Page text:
On Sat, Nov 01, 2008 at 08:54:30AM +1100, Dave Chinner wrote:
> Effectively, yes.
> Currently we iterate inodes for data and "metadata" sync, and the
> only other concept is writing superblocks. I think most filesystems
> have more types of metadata than this, so it makes sense for sync to
> work on abstracts sync as data and metadata rather than data, inodes
> and superblocks...
Yes, absolutely. And for those that have inodes as primary / only
metadata besides superblock we can still provide a generic_sync_inodes
helper that just takes a callback to apply to every inode. Which we
probably want anyway as XFS is the only intree-filesystem that currently
has a more efficient way to iterate inodes.
> > And as we found out it's not just sync that gets it wrong, it's also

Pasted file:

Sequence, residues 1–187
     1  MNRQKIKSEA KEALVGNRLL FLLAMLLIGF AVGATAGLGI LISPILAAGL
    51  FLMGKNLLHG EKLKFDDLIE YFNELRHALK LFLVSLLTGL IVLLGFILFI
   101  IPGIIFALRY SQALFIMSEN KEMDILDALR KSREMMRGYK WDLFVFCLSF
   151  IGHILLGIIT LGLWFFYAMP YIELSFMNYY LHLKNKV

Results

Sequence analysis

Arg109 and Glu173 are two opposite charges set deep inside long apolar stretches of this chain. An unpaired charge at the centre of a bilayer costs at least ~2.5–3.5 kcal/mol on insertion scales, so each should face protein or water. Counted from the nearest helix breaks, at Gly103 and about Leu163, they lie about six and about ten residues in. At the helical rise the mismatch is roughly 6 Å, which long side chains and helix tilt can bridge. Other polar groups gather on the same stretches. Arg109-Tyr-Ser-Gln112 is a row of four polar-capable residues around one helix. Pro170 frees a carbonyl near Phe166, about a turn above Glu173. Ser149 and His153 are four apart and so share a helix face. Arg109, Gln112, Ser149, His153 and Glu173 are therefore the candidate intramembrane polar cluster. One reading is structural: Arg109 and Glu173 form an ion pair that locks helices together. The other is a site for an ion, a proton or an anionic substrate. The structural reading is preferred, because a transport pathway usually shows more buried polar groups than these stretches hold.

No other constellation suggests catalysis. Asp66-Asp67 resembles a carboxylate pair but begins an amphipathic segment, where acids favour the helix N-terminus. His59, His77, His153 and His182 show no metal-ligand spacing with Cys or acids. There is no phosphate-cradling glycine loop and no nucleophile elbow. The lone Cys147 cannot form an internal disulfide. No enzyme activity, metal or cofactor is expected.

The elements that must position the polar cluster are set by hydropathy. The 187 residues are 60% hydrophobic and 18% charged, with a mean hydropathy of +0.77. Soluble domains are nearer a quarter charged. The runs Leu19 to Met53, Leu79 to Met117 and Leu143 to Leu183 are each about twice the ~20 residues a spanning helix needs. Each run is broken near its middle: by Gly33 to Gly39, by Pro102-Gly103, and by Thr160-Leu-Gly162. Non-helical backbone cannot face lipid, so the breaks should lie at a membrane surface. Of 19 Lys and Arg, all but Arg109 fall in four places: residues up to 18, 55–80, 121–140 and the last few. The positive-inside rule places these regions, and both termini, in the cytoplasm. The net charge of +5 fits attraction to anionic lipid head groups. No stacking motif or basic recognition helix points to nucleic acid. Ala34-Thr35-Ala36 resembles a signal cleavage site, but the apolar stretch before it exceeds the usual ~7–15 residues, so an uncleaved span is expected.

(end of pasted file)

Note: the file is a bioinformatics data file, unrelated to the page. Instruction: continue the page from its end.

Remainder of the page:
> > fsync (which isn't part of the above picture as it's per-inode) that
> > gets this utterly wrong, as well as all kinds of syncs, not just the
> > unmount one.
> Async writeback (write_inode()) has the same problem as fsync -
> writing the inode before waiting for data I/O to complete - which
> means we've got to jump through hoops in the filesystem to avoid
> blocking on inodes that can't be immediately flushed, and often we
> end up writing the inode multiple times and having to issue log
> forces whenw e shouldn't need to. Effectively we have to tell the
> VFS to "try again later" the entire time data is being flushed
> before we can write the inode and it's exceedingly inefficient.....
Yes, that was the couple of sync functions I meant above as the whole
inode writeback path is extremly convoluted - mostly due to the dirty
data vs metadata mixup mess.